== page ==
New U-M Midwifery program aims to diversify profession, improve health equity

A federal grant will provide nearly $1 million annually for the next four years to support the school’s Michigan Maternity Care Traineeship Program.

The University of Michigan’s School of Nursing is allocating grant money to a program aimed at diversifying the Midwife profession and maternity care.

The university’s Michigan Maternity Care Traineeship Program is designed to add more midwives in minority communities who face disproportionately higher risks of childbirth complications. Offered in partnership with Metro Detroit Midwives of Color, and Birth Detroit — a Black-led, nonprofit community birth center — the program has already accepted 13 students, with additional groups set to begin in the fall.

Funded by the federal Health Resources and Services Administration, the grant will provide nearly $1 million annually for the next four years to support the school’s Midwifery program.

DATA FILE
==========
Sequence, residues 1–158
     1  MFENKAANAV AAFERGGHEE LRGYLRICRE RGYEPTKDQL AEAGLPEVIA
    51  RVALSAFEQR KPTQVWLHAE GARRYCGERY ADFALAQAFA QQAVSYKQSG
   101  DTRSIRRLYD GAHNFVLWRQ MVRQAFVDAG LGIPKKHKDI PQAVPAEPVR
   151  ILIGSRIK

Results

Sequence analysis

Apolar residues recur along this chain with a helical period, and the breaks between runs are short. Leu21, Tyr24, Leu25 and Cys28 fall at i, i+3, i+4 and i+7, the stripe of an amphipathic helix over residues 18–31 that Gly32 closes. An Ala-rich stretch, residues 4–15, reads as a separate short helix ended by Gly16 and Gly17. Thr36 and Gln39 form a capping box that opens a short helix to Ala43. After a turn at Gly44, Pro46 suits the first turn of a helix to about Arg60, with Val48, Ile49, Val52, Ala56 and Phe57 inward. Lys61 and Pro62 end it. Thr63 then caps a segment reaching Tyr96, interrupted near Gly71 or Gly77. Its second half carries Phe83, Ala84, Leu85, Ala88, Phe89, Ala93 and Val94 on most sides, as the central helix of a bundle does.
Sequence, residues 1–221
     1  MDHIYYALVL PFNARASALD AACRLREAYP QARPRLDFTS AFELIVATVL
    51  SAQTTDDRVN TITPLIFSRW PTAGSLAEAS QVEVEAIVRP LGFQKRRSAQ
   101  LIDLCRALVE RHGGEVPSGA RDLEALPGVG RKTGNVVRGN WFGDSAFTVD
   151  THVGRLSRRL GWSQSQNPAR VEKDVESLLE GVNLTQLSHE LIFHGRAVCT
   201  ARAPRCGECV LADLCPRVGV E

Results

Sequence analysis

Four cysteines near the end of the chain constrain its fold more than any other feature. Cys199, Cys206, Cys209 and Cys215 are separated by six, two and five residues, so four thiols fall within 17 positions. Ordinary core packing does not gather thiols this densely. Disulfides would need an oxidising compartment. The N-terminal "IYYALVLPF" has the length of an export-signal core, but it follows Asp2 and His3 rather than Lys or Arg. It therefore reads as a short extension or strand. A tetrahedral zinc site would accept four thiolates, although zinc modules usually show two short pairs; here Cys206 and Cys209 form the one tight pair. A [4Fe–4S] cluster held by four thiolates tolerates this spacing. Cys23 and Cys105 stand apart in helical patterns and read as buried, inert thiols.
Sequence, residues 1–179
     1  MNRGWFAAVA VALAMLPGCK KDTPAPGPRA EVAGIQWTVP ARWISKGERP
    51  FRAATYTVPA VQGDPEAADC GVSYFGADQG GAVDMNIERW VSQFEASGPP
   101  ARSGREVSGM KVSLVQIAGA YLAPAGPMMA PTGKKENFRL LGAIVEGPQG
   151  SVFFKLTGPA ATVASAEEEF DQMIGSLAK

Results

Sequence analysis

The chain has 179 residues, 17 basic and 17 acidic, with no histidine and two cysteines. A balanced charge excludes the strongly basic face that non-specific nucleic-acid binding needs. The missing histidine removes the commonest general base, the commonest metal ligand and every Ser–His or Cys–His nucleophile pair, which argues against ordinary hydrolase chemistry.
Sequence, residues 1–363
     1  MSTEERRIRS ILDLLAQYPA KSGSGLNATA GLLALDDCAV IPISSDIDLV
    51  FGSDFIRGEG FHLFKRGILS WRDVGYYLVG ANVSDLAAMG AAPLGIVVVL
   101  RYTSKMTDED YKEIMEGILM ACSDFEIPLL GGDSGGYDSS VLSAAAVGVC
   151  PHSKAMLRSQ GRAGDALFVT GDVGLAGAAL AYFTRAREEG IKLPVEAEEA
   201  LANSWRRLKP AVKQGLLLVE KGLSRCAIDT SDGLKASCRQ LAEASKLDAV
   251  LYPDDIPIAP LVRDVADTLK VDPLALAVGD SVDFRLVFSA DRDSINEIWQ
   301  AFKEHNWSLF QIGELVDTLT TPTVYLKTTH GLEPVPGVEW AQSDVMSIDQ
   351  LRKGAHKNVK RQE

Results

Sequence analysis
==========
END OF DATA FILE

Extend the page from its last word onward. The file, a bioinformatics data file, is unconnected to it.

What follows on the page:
Lee Roosevelt is a clinical associate professor at the University of Michigan. She says the quality of care and mortality rates are all impacted by discrimination. 

“The way racism impacts the body, chronic stress. The way it impacts the way providers treat and listen to pregnant people, what concerns they take seriously, what concerns they don’t take seriously… all has impacts on those outcomes,” she said. 

Roosevelt says even for providers with the best intentions, quality of care is diminished when their schedules are overloaded because of a lack of providers in their communities. 

She says increasing the number of midwives and diversifying the workforce can help bridge the gap in care. 

To learn more about the program email

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  • Bre'Anna Tinsley
    Bre'Anna Tinsley is a reporter for Detroit Public Radio, 101.9 WDET. She covers city government and housing, as well as co-hosting the "Detroit Evening Report" podcast.